JStreet and the Conference
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JStreet and the Conference

Rabbi emeritus, Temple Avodat Shalom, River Edge, Reform

The Conference of Presidents of Major American Jewish Organizations was created in the 1950s as a forum in which diverse American Jewish communal organizations would debate and dialogue on the issues of communal concern and then speak as the voice of the American Jewish community to both the American president and Congress. Formed in the aftermath of the Holocaust and the birth of the State of Israel, for 60 years this umbrella organization has done a credible job of reflecting American Jewish consensus on the issues of the day.

Over this time, while organizations whose membership decreased were allowed to retain seats though their numbers hardly warranted the adjective “major,” new groups on both the religious and political right and left have been added. Having been privileged to participate in the debates and discussions when I represented the Labor Zionist Alliance as its national executive director in 1982-83, when there were 37 member organizations, I can assert personally that while seeking consensus was the goal of the President’s Conference, respectful debates on issues including Jewish settlement on the West Bank were its hallmark.

The April 30 vote to deny JStreet a seat at the President’s Conference table leads me to question whether it has outlived its relevance. If an organization with JStreet’s membership numbers and public profile is denied membership, can this conference continue to claim to be the consensus voice of the organized American Jewish community?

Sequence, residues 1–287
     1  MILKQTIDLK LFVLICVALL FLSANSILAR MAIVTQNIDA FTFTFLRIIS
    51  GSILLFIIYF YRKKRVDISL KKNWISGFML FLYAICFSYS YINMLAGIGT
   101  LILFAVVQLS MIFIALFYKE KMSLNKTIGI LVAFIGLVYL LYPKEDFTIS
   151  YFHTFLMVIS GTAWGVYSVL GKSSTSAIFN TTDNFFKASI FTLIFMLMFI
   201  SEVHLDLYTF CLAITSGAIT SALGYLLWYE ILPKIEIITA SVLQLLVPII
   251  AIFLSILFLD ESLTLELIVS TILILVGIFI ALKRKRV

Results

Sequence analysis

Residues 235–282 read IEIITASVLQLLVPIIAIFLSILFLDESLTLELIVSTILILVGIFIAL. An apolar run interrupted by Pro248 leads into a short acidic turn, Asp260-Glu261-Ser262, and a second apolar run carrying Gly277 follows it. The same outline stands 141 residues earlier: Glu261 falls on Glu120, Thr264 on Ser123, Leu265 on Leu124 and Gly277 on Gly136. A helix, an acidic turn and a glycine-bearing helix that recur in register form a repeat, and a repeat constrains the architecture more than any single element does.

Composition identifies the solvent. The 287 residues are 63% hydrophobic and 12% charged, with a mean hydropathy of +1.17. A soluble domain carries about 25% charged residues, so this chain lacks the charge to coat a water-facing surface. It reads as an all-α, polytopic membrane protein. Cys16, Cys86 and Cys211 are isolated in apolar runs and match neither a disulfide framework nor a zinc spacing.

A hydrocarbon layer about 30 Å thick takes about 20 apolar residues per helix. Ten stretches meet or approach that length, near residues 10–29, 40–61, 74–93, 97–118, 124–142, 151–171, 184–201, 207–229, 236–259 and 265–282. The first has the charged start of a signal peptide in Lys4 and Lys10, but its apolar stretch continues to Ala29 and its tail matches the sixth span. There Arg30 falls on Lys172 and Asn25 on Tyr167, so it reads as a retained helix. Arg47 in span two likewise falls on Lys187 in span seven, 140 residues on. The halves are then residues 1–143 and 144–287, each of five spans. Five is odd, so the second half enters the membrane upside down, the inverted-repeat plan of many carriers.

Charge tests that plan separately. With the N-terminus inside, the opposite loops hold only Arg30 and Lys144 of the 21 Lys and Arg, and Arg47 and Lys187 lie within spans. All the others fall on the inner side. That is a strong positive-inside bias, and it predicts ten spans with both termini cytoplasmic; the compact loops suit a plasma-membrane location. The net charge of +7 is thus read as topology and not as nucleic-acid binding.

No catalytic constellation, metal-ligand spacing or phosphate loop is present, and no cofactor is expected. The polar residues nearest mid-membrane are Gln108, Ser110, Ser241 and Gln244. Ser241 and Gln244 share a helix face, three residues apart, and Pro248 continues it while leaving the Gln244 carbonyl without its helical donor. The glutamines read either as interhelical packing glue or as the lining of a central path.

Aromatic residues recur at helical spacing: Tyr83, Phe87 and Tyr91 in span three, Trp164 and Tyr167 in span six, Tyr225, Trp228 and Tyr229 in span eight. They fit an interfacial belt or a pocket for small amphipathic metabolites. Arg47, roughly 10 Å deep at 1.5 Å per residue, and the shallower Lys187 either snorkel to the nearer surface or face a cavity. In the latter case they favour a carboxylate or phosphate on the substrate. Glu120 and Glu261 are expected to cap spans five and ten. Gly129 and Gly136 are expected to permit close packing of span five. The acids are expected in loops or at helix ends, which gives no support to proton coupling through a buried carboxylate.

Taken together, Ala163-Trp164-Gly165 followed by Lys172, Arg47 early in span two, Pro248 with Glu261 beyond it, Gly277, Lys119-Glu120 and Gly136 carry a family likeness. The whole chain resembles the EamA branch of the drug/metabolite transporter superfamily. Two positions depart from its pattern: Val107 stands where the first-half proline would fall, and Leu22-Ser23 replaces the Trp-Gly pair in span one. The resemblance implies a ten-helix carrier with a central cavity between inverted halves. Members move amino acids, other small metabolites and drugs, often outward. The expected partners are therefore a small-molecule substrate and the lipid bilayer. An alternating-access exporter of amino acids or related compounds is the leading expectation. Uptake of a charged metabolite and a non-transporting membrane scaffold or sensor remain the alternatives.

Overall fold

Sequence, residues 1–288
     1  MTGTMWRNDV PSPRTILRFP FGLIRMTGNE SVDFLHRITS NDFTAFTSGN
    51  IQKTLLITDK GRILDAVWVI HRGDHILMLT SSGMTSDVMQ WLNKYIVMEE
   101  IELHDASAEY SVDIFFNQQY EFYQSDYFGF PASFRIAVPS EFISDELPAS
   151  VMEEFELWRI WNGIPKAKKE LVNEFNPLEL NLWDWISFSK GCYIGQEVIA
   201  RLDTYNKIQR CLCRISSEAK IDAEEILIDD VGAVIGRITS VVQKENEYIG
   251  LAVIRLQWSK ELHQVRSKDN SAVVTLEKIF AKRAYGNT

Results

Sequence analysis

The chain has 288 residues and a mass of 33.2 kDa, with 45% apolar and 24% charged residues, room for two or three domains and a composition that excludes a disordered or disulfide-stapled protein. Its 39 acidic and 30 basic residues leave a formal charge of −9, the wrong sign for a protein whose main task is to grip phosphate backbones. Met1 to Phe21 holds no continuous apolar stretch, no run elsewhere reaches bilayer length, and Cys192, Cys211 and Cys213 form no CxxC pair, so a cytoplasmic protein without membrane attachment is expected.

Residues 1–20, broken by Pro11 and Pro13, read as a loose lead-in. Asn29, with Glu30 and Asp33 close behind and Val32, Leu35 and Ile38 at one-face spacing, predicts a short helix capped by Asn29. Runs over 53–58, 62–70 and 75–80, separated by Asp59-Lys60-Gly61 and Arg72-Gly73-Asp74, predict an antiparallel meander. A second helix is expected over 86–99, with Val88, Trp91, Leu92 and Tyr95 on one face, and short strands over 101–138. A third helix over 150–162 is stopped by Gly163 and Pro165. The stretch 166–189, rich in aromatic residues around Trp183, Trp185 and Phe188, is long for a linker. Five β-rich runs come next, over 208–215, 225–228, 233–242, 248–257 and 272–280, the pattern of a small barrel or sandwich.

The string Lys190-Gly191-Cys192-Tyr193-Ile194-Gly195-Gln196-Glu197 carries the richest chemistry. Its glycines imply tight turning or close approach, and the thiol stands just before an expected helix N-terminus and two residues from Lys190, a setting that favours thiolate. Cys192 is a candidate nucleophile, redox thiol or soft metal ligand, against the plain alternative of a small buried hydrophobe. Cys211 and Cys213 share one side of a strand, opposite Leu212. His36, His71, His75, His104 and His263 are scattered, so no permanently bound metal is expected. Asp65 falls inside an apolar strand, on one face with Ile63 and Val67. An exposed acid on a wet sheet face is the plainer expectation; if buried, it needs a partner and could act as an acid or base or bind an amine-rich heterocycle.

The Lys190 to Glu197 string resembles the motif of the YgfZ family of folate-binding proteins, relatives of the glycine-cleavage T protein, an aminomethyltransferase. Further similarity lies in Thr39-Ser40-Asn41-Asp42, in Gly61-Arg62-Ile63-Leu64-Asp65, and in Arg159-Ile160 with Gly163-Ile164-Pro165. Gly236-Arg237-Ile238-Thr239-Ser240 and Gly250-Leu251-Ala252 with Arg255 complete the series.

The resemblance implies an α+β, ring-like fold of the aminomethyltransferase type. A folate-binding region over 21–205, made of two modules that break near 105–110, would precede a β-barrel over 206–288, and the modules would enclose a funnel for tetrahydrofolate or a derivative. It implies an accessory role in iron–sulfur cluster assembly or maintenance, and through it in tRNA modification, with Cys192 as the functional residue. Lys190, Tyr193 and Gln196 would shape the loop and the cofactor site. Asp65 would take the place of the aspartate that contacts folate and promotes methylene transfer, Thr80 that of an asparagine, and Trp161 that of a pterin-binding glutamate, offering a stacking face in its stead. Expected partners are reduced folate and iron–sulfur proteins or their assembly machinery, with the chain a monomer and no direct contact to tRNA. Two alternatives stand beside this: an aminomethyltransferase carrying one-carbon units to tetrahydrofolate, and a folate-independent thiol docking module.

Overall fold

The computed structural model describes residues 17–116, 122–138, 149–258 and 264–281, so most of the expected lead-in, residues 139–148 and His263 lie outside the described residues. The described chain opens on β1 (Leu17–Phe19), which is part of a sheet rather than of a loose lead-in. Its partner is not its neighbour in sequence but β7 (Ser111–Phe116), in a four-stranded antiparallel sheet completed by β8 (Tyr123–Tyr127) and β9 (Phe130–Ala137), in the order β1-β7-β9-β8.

I have disagreed with JStreet statements more often than I have agreed with them. I write this as an American Jew who believes in the need to balance pluralism and unity in our community. I direct this letter to the member organizations of the President’s Conference, asking that a revote be taken on the Jstreet application immediately. If the result of that vote is the same, I ask that the Conference of Presidents of Major American Jewish Organizations takes a vote to disband and admit that its mission has failed.

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